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Cleaning After Floods: Use Caution When Returning Home

Release date: 
August 22, 2011
Release Number: 

COLUMBIA, Mo. -- Disaster officials urge Missouri residents to take extra precautions when returning to flood-damaged homes, apartments or businesses to avoid accident or injury. The Federal Emergency Management Agency (FEMA) cautions that all danger has not passed simply because the water has receded.


  • Check the outside of the building: Call your utility company immediately if you see downed power lines, detect gas leaks (natural gas leaks smell like rotten eggs) or see water gurgling up from underground.
  • Look for external damage: Examine the foundation for cracks or other damage. Inspect porch roofs, overhangs and the foundation. If you find obvious damage, ask a building inspector to check the building before you go inside.
  • Enter the building carefully: If the door sticks at the top as it opens, it could mean the ceiling is ready to cave in. Don't walk under a sagging ceiling until it has been checked.


  • Turn off the main electricity breakers and valves for water and gas. Even if the power company has turned off electricity to the area, be sure to disconnect your home's main power supply. Have all utility connections inspected before resuming their use. Do not use appliances or motors that were exposed to water until they have been cleaned and dried.
  • Dress for safety. Consider using a dust mask or N-95 mask to filter mold spores or other contaminants. Masks can restrict airflow so those with respiratory conditions should not use them. Wear safety glasses, leather or rubber gloves and protective shoes (avoid rubber soled athletic shoes when walking in or around debris). Hard hats, long sleeves and pants are encouraged to guard against bumps and scrapes.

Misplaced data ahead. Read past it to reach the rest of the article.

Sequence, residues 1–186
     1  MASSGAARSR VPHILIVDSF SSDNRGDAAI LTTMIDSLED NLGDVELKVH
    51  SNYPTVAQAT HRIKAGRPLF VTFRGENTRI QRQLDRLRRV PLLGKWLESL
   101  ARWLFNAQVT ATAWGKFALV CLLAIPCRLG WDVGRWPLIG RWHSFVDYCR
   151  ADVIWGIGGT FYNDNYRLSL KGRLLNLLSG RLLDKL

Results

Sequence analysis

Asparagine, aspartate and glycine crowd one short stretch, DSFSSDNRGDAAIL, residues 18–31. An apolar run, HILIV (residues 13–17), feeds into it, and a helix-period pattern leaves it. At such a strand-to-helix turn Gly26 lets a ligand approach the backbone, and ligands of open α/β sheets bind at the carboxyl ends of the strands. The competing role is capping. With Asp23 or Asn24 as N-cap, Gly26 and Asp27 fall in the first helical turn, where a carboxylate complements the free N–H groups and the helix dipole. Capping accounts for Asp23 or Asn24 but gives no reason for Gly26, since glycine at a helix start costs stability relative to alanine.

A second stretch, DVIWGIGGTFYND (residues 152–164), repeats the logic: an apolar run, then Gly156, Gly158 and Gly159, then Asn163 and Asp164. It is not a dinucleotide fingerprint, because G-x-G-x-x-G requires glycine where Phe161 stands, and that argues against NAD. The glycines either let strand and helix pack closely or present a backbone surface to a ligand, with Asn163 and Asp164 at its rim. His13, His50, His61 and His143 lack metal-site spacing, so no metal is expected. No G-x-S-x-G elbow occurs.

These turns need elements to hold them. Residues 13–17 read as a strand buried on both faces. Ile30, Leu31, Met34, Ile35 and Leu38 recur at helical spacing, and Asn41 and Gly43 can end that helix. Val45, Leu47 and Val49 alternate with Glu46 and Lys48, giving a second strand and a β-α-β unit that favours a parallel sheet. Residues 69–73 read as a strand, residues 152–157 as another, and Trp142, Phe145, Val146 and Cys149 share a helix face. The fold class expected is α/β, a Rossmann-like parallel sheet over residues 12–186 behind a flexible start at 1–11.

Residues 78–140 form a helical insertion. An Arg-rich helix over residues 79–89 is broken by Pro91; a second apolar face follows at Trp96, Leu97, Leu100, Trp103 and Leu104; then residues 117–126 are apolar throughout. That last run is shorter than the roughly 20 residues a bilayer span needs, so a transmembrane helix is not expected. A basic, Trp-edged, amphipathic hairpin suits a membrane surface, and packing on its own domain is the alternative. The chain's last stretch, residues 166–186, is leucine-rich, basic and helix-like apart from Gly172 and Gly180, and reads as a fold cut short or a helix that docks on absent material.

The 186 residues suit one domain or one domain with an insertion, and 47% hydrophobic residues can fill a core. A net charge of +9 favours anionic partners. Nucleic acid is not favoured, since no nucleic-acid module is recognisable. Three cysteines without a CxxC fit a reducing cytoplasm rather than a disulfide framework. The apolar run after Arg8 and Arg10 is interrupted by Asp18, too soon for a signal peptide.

• Look before you step: Floors and stairs may be covered with debris and may be very slippery. Watch out for window glass, broken bottles, nails and other hazards.
  • Watch for critters: Snakes, skunks, raccoons and other wildlife seeking high ground may choose your home for safety. Proceed with caution to avoid being startled or startling them.
  • Be alert for gas leaks: Do not strike a match or use an open flame when entering a building unless you know the gas has been turned off and the area has been ventilated. Use a flashlight to inspect for damage, not an open flame.
  • Be aware of water-borne health hazards: Inside the home, any wet items, such as wallboard and mattresses, will hold mold and contamination forever. Throw them out. Spoiled food, water-logged cosmetics and medicine are also health hazards. When in doubt, throw it out. Don't let children play in standing water.


  • Hose the house: Many health hazards are found in the mud and silt. Shovel as much mud and debris as possible out of the house, then hose it down, inside and out.
  • Expect mold growth. Within days of being waterlogged, dry wall, upholstered furniture and wooden fixtures may develop mold or mildew. Mold and mildew can be health hazards. Ask your local health authorities for information on removing mold.
  • Carbon monoxide exhaust kills: Do not use camp stoves and charcoal grills indoors. All cooking on camp stoves and charcoal grills should be done outside. Gas and charcoal fumes can be deadly.
  • For several days after you return, be on the lookout for any broken utility connections: Broken water or sewer pipes, bent gas pipes and damaged electrical outlets or fixtures can be a serious hazard. Get damage repaired as quickly as possible.


  • Be aware of water on the road. Water covering the road could hide potholes or...
Last Updated: 
July 8, 2017 - 10:54
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